James Goodnight co-founded the company with three other people, two of whom left the party early, too bad for them.  Goodnight is the CEO and technical soul of the operation and this week I had the good fortune to attend an analyst and media briefing at their headquarters in Cary, NC.  That was followed by something called the Premier Business Leadership Series event in Las Vegas, a business conference presented by SAS that brings together more than 600 attendees from the public and private sectors to share ideas on critical business issues.

    I know what you’re thinking, but it’s been more than three hardware generations since I’ve been to Vegas and I routinely avoid conferences there but I went this time because SAS had some interesting things to say.  First off, they made two product announcements that I can resonate with because they involve social media and more importantly, they make great strides in helping people use social technologies for business purposes.

    I’ve been a fan of social networking since 2003 when I wrote about the the Kevin Bacon game and the original research by Harvard University psychologist Stanley Milgram in the 1960’s that began it all.  But social networking and its enabler, social media, entered a lag period at about that time and they didn’t emerge from it until Facebook overtook MySpace.  Meanwhile blogs became popular and we learned to wiki, which begat an orgy of tweeting and the rest as they say is history.

    Lost in the social frenzy, in my humble… is the idea that social technology is a good listening tool, or ought to be.  Social technology after all is a surrogate for an interaction with someone, a way to be present when you are not.  In short it is a way to gather input from other people before launching our latest discourse about our favorite subject—us.  SAS gives me hope that this might actually happen.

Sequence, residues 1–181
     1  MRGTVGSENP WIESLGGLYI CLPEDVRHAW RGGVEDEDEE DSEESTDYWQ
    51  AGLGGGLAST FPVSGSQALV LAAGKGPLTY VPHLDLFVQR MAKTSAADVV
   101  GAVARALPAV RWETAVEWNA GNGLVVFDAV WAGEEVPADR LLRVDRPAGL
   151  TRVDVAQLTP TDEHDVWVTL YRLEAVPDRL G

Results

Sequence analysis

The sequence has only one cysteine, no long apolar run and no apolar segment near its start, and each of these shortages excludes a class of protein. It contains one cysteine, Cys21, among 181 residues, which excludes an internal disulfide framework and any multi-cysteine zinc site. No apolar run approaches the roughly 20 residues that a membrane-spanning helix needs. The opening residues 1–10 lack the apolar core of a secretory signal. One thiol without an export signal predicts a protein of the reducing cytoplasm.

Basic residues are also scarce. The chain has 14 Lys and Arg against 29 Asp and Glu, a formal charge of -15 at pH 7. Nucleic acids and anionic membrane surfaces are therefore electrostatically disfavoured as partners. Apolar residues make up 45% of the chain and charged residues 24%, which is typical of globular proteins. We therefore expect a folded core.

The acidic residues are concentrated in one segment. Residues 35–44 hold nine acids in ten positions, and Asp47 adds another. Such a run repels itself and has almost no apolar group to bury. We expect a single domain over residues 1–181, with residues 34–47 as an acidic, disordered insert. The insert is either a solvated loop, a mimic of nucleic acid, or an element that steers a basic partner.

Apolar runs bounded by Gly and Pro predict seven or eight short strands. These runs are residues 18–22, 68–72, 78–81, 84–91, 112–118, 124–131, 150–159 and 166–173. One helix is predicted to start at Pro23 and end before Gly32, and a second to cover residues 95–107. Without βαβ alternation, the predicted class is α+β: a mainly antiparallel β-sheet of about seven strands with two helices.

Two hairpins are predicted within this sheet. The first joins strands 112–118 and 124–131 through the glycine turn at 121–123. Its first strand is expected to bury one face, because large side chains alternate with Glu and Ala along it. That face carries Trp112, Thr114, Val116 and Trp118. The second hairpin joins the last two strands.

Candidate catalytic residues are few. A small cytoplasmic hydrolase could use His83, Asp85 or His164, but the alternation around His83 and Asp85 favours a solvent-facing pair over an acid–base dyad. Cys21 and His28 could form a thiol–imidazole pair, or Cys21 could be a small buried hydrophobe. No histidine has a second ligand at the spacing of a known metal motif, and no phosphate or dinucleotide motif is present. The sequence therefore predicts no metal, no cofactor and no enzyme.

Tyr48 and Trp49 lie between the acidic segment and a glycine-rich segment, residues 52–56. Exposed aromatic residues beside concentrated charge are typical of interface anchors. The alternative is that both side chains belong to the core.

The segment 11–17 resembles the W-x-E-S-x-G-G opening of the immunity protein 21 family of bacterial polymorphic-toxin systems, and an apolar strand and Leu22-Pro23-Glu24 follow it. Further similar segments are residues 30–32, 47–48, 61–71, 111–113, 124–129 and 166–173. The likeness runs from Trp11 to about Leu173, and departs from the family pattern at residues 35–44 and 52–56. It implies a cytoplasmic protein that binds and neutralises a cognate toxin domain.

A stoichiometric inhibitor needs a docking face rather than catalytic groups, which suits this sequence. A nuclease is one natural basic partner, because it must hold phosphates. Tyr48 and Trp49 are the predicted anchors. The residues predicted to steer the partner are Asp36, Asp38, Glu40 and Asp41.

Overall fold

Exhibits A and B come in the form of two SAS product announcements—SAS Conversation Center and SAS for Customer Experience Analytics.

    SAS Conversation Center most interests me.  The conversation center measures the level of influence that a Tweeter has by analyzing the volume of content the person generates as well as how often the person is included in conversations.  It then compares this information with a company’s taxonomy of topics to determine which area of the business the tweet is aligned with.

    This analysis can help a company to determine what’s being said about it and determine which topics to pay attention to and to address.  It may not be as good as a direct conversation but doesn’t have to be.  It need only filter out the majority of tweets that are not relevant and it will be a powerful tool.

    I would like to see the conversation center quickly evolve to track other social media, especially Facebook and it would be nice if a control center evolved with it so that a single interface could monitor the social sphere.  We’ll see.

    The second announcement, SAS for Customer Experience Analytics is a cloud based application aimed at providing predictive analytics to help companies present customers with the best offers at the right time.  That sounds easy but it is not. Customers, especially when surfing have short attention spans and one chance may be all a vendor gets so the stakes are high.  While other companies have similar offerings, one that has the SAS analytics engine behind it will be an interesting addition.

    SAS for Customer Experience Analytics is the latest addition to the SAS cloud suite which includes 19 other analytic applications including SAS Social Media Analytics and SAS OnDemand: Campaign Management.

    These products come along at a good time for the evolution of social technologies.  In addition to new products SAS announced the results of a significant study it sponsored.  Conducted with Harvard Business Review Analytic Services, the study’s findings are too long to list here so check the company’s web site.  One example will have to suffice till the next time.  Despite social media’s potential to enable companies to listen to and understand their customers, 75 percent of the companies surveyed did not know where their most valuable customers were talking about them, or what was said.

    More than anything, these results show that social media is still clearly still in its infancy but solutions like these may be the killer apps that turn social curiosities into the tools we always believed they could be.

    Published: 12 years ago